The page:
Last year, during a season in which he only played in 112 games due to a hamstring issue, Wright still hit .307 with 18 home runs and a .904 OPS. In 2014, the 31-year-old should once again post an OPS in the neighborhood of .900 and should be one of the top three third basemen in baseball.
29. Carlos Gonzalez, LF, Colorado Rockies
Carlos Gonzalez is one of the most talented players in baseball.
The problem, though, is that the left fielder for the Colorado Rockies has had an extremely difficult time staying healthy and on the field. In his six big league seasons, the only time that Gonzalez has accumulated 600 plate appearances was back in 2010.
That year, Gonzalez was a beast, hitting .336/.376/.598 with 34 home runs, 34 doubles, nine triples, 117 RBI and 26 steals. With 351 total bases, he tied Jose Bautista for the most in MLB. Last season, he posted a similarly impressive .302/.367/.591 slash line in just 110 games.
The two-time All-Star definitely has the tools to climb higher on the list, but, unfortunately, he just can't seem to stay healthy.
28. Edwin Encarnacion, 1B/DH, Toronto Blue Jays
With 78 home runs in the past two seasons, Edwin Encarnacion has surpassed Jose Bautista as the most powerful hitter in the Toronto Blue Jays lineup. The 31-year-old has also cemented his status as one of the most dangerous power hitters in the American League.
In 2013, Encarnacion tagged 36 home runs, which meant that he trailed only Miguel Cabrera and Chris Davis on the home run leaderboard. The nine-year veteran also posted his second straight season with a .900 OPS or higher and locked down his first All-Star honor.
27. David Ortiz, DH, Boston Red Sox
Now 38 years old, David Ortiz has shown absolutely no sign of slowing down. Last year, the Red Sox designated hitter batted .309/.395/.564 with 30 home runs, 38 doubles and even a pair of triples.
During the postseason, the 17-year veteran was simply incredible. During the Red Sox's triumph over the St. Louis Cardinals in the World Series, he posted a video game-like .688/.760/1.188 slash line with two home runs. That works out to a 1.948 OPS.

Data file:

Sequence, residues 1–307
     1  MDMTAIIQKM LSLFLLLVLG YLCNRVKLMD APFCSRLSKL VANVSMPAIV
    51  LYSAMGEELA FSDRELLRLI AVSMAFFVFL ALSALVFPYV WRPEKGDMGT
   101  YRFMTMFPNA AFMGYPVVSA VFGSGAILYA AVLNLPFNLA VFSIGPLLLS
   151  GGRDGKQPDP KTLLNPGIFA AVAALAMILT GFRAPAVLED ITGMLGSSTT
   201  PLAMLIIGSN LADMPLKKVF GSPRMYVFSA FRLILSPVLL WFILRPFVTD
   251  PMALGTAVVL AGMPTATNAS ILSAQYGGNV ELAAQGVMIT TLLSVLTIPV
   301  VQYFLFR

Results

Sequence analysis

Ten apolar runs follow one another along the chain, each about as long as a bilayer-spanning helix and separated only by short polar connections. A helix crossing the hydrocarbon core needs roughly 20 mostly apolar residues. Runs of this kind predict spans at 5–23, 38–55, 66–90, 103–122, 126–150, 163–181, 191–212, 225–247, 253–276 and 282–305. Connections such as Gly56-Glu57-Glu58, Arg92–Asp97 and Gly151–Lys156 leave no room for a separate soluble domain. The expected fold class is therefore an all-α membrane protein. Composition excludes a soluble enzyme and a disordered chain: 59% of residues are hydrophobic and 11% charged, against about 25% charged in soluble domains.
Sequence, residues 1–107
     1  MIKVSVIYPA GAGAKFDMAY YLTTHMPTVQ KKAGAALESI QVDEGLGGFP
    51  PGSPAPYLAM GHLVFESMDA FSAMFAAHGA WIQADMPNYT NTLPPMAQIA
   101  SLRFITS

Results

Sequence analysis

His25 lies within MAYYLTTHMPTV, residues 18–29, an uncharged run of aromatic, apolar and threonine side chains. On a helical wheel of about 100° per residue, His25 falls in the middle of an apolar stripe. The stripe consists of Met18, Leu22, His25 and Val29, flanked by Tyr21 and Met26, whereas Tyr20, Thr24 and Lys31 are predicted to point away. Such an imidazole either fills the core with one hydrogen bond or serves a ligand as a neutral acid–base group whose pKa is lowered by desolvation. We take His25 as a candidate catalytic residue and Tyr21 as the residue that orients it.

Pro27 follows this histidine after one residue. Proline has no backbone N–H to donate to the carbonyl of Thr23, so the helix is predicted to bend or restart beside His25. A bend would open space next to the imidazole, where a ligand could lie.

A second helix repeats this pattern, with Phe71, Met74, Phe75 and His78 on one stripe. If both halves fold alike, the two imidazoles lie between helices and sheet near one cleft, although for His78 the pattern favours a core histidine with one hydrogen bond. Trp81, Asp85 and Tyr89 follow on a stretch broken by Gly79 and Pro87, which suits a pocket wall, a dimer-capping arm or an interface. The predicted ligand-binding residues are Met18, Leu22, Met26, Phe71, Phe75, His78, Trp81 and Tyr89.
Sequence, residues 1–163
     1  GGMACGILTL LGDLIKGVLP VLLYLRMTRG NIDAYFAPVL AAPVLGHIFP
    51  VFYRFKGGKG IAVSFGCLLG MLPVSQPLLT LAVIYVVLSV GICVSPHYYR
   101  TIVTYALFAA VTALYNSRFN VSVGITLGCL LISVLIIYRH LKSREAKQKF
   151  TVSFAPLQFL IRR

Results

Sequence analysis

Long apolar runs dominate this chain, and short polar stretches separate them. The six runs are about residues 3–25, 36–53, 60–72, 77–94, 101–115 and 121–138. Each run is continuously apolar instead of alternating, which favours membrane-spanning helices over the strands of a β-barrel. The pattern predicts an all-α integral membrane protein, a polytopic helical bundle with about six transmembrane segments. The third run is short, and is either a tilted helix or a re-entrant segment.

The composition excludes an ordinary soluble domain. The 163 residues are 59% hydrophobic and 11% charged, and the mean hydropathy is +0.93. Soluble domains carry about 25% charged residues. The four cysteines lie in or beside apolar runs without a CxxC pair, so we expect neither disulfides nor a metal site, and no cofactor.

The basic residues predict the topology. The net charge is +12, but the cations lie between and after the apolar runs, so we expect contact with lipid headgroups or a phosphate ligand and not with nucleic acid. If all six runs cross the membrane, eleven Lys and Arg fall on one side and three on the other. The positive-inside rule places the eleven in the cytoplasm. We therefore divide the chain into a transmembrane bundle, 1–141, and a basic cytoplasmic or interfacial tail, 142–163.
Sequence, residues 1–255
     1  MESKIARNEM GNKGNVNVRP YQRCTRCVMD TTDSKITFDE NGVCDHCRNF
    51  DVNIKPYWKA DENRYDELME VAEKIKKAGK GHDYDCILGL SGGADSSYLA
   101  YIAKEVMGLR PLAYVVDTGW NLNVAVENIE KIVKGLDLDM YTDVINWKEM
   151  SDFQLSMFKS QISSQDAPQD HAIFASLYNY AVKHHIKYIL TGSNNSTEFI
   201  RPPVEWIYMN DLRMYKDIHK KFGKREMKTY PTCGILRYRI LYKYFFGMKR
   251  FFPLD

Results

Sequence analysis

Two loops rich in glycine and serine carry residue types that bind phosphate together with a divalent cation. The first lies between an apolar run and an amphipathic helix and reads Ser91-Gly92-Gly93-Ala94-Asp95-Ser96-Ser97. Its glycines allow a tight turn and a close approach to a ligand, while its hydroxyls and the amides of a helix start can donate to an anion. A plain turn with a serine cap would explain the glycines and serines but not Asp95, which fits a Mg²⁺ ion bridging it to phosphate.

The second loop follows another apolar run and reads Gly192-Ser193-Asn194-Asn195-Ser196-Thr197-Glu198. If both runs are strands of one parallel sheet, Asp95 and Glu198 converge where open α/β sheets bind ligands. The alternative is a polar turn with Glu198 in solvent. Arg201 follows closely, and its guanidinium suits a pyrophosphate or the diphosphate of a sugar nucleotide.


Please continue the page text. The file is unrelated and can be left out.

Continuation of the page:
26. Craig Kimbrel, RP, Atlanta Braves
There is no relief pitcher in the major leagues quite like Craig Kimbrel.
In parts of four seasons for the Atlanta Braves, the hard-throwing right-hander has produced a 1.39 ERA and posted a sensational 15.1 K/9 ratio. During the 2013 season, the three-time All-Star locked down a career-high 50 saves and put up a 320 ERA+. I didn't even realize that was possible.
25. Giancarlo Stanton, RF, Miami Marlins
Still just 24 years old, Giancarlo Stanton has already established himself as one of the premier power hitters in the game.
In his first full big league season back in 2011, Stanton crushed 34 home runs and batted .262/.356/.537. The Miami Marlins right fielder followed that up by connecting on a career-high 37 long balls in just 501 plate appearances while tallying a .608 slugging percentage in 2012.
However, in 2013, he actually took a minor step back, hitting just 24 home runs, despite the fact that he actually totaled three more plate appearances than the season before. That small drop-off keeps the promising slugger from climbing any higher on the list.
24. Cliff Lee, SP, Philadelphia Phillies
Cliff Lee might be entering his age-35 season, but the veteran left-hander definitely doesn't appear to be running out of gas.
Last year, Lee went 14-8 with a 2.87 ERA, striking out 222 batters in 222.2 innings of work. He also exhibited excellent command, leadding all of baseball with a 1.3 BB/9 ratio. That pinpoint control, paired with his ability to rack up strikeouts, suggests that Lee will be a force to be reckoned with for the foreseeable future.
23. Troy Tulowitzki, SS, Colorado Rockies
Troy Tulowitzki is a two-time Gold Glove award winner at the most athletically demanding position on the diamond. The three-time All-Star also owns a career slash line of .295/.367/.509 in eight big league seasons.
However, like teammate Carlos Gonzalez, durability remains a major issue for the Colorado Rockies shortstop. In four of the past six seasons, the No. 7 overall selection from the 2005 MLB draft has missed at least 36 games.